Strange that here in the Languedoc it seems to be a bumper year for cherries. A friend went a way and asked us to pick her cherries - so many we don't know what to do with them all. Clafoutis, yes, I made that last night, and 16 pots of jam - have you any ideas about preserving them in Armagnac?
The blossom on your tree looks lovely - maybe next year the bees will get out of bed!

Ian said...

Hi chaiselongue,
As I understand it you just fill a jar with cherries and then fill it with the armagnac. Seal the jar and then put it in a dark place and forget about it for about a year.
Try it out - you can bring the results here for September, next year!!!!

Kate said...

I am up for trying that cherries in armagnac too - only wishing to help you out, you understand! I have local cherries in my freezer too, not from my garden but from further up in the hills where the nights are colder and they grow beautiful cherries.They are there in the freezer next to my mother's mangoes!Life is good...!
What a shame you have such sleepy bees, Ian. That clafouti looks darn yummy though.

Maggie said...

Yum! Cherry tarte. What more is there to say.

ilex said...

Wow, that's a beautiful pie. I'll sample some too, please...

Cute story about the bees snuggling back into their beds. I do hope it's just that and not the bee troubles. I thought I heard they were making a comeback in France due to several nicotinoid pesticides being outlawed?

chaiselongue said...

Hi Ian, I've put some cherries in a jar with the armagnac, and a bit of powdered sugar. If I can forget about them for long enough I'll bring some next year! If only Kate could bring some mangoes too.

Kate said...

Frozen mangoes in a plane with me for 18 hours or so....mmmm...I doubt there would be any left when I arrived. But I could try. After all, I did consider bringing a big bowl of salad, if we came direct Adelaide-Kuala Lumpur-Paris-Ian's. Do they let you take an esky on the plane? Wouldn't that be such fun!...I could dry some mangoes but dried lettuce wouldn't be that good! No use me bringing home-made limoncello - surely there's some better stuff right next door in Italy and this was meant to be a trip to Italy, not France at all, that's why I am learning Italian. Ian you are very naughty to hijack my trip and make me come to France!!My French is very rusty.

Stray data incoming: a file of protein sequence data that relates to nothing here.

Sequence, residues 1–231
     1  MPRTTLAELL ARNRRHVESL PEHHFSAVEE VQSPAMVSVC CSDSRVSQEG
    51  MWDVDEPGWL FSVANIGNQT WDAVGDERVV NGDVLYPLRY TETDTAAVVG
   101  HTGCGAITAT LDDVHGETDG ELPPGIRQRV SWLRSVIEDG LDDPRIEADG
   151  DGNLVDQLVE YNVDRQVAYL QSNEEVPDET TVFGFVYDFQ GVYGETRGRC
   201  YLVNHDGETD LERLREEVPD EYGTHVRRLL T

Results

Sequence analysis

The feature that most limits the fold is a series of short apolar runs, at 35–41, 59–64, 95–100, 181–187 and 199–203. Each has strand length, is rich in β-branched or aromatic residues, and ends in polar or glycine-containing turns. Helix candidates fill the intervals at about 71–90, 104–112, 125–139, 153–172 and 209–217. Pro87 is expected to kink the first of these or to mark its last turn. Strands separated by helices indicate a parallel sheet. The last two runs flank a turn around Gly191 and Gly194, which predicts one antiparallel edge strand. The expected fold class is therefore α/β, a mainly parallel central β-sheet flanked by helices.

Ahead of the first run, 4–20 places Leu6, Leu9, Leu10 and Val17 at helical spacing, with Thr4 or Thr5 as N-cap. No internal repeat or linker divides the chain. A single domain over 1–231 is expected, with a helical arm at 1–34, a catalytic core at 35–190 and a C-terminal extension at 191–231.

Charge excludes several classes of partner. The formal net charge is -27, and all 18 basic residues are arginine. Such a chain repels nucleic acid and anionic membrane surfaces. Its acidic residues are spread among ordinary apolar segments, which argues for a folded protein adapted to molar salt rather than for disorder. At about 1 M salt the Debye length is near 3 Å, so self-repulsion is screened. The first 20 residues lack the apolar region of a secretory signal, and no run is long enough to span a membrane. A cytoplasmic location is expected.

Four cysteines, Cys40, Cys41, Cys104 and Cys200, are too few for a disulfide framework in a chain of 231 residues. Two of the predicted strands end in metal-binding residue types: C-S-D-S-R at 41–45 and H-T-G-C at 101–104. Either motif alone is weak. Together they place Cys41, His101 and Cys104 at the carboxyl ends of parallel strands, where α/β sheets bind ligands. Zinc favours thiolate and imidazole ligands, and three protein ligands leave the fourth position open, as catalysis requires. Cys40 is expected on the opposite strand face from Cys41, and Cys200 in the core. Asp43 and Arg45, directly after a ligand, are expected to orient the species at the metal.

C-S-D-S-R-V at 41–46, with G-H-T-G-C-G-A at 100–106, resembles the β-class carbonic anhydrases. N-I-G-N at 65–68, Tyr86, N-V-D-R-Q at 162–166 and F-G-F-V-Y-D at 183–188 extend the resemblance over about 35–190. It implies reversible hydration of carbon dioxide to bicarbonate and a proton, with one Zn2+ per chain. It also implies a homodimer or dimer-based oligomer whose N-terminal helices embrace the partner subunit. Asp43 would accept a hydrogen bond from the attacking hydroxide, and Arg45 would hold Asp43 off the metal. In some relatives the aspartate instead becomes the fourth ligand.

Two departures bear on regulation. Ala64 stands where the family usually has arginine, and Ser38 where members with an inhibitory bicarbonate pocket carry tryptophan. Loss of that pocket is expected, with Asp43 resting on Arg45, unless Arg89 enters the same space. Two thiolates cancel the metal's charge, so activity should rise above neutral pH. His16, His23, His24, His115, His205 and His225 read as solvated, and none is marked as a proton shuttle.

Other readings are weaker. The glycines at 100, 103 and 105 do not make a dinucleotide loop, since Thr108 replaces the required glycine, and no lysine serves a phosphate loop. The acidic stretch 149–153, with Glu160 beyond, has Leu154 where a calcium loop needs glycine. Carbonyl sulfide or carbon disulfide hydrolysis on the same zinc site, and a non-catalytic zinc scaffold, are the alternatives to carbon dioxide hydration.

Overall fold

Maggie said...

Last year we had almost no bees in our garden, but I noticed millions of them on the flowering trees at the Adelaide botanic gardens. A lot of trees there had masses of flowers because we were having unusual almost tropical weather. This year I planted lots of flowering plants and herbs and let things like rocket go to flower and we had masses of bees and wonderful cucumbers. It may have just been a coincidence but I don't think so.
The main bee attracting herb I grew was Agastache Foeniculum (anise hyssop). I wrote about it on our blog, the search link should find it. Just don't pinch our bees!

Ian said...

Hi Maggie, I think your bees are safe from me!! Aparently, though, they fly up to 7 miles. I was astounded when I found that out. The implications for cross pollination from GM crops are huge at that radius.
I grow mainly flowering shrubs in the garden but the forsythia was in bloom at the same time and had plenty of visitors.